Last January Tottenham were within touching distance of the Premier League summit, but their north London derby loss at the Emirates Stadium triggered an alarming meltdown which ultimately cost the club a place in the Champions League, and Harry Redknapp his job.
A poor run of just one win in nine matches saw Spurs slip from second to fourth, with Chelsea's victory in the Champions League final in Munich providing the hammer blow for their neighbours' dreams of playing among Europe's elite this term.
Andre Villas-Boas, the man brought in to replace Redknapp last summer, has guided Tottenham to third and while his team are huge outsiders to top the table come May, finishing third or second is a distinct possibility.
But Walker knows the team cannot afford a repeat of last year's collapse if they are to succeed, making fixtures like Saturday's trip to Redknapp's new club, QPR, must-win affairs.
"Last time we faded off in the second half of the season," Walker told Spurs TV Online.
"Things like that happen, it's just football, but this year we have said that we are going to kick on around Christmas and the new year so we can get that third spot
"It's very close up there this season. The two Manchester clubs are a bit away, but then there's us, Chelsea, Arsenal, Everton and West Brom.
"That makes it exciting. It keeps you on your toes. And going to teams that are struggling like QPR, you know you need to get those three points to keep in contention to make sure you are there at the end of the season."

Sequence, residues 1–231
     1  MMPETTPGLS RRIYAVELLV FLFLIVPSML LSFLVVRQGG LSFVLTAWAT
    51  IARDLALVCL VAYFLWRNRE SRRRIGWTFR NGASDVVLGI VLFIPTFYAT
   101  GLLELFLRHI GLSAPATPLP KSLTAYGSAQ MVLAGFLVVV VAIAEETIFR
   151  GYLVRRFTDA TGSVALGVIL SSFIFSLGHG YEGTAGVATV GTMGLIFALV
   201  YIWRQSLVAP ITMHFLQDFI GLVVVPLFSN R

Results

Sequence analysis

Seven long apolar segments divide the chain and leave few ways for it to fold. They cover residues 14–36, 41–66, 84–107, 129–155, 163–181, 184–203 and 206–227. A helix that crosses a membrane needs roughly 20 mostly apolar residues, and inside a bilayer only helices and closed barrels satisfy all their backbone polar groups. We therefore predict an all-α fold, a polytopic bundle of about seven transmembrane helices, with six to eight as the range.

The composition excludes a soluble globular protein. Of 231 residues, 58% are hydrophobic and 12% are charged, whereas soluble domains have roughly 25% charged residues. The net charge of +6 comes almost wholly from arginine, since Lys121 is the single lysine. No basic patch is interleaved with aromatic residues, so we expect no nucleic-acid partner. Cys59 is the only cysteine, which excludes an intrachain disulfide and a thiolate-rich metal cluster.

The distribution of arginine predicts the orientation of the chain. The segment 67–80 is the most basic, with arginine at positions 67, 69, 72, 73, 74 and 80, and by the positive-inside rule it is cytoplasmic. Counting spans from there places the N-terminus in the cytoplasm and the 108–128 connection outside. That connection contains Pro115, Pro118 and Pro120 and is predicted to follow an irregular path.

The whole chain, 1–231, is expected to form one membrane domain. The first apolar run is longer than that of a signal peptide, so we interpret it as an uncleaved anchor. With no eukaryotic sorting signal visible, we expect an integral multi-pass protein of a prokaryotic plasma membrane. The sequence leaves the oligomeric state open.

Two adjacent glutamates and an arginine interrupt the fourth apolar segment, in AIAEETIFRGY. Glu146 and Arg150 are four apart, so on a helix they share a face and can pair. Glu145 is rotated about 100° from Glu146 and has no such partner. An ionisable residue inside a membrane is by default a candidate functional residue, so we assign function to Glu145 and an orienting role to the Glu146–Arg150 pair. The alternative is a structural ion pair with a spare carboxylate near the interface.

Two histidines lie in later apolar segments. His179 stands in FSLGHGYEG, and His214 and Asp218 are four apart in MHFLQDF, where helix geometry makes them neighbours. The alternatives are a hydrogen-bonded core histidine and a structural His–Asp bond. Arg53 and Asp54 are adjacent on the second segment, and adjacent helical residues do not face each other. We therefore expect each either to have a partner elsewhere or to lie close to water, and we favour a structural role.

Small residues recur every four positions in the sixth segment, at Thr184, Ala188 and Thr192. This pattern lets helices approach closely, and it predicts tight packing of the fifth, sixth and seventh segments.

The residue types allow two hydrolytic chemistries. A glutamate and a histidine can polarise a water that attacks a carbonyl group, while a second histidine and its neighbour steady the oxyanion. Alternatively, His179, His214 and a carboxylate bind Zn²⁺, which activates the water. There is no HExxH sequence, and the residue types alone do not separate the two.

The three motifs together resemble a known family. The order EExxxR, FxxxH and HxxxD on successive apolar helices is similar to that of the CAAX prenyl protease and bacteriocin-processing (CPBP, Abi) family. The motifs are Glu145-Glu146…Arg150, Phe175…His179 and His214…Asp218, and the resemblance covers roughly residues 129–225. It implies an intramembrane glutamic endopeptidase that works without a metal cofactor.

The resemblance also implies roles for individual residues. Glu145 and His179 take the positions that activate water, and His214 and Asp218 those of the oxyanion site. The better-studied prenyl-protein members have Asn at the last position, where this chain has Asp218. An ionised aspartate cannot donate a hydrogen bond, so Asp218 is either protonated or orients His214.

Before casting doubt on Redknapp's assertion that you had to be a "dope" not to be successful at Chelsea, Villas-Boas warned that QPR may be trickier opponents than they appear on paper.
Five points from safety, QPR look in serious danger of being relegated, but Villas-Boas warned that Redknapp's knowledge of the Spurs squad could give the 65-year-old an advantage over the favourites.
But Walker, who spent six months at QPR on loan two years ago, insists Spurs will not have any problems overcoming the west London club if they play to their potential.
The England right-back said: "You never know what might happen in football, it's a weird sport, but if we play as we have been doing we'll have no trouble."
Villas-Boas got his reward for dragging Spurs up the table today when he was named Premier League manager of the month for December.
QPR have lacked the consistency Villas-Boas has brought to Spurs and the Portuguese thinks that could be a key factor in whether the Rs survive.
"When negative results happen it's very difficult for you to come out of them," the former Chelsea manager said.
"You need a consistency in terms of results and only that will make you jump out of a crisis situation.
"I think Mark Hughes was looking for that stability, which never happened. Harry was looking for that stability too, which took some time, and it arrived maybe when people least expected it with the win against Chelsea and the draw against West Brom.
"Once they get that consistency they will get more confidence.
"As soon as they pick up that momentum I think anything can happen."
Villas-Boas has the rare luxury of an almost full-strength squad to choose from for Saturday's lunchtime game.
William Gallas is at a clinic in France having treatment for his calf injury while long-term absentee Younes Kaboul remains sidelined with a knee injury.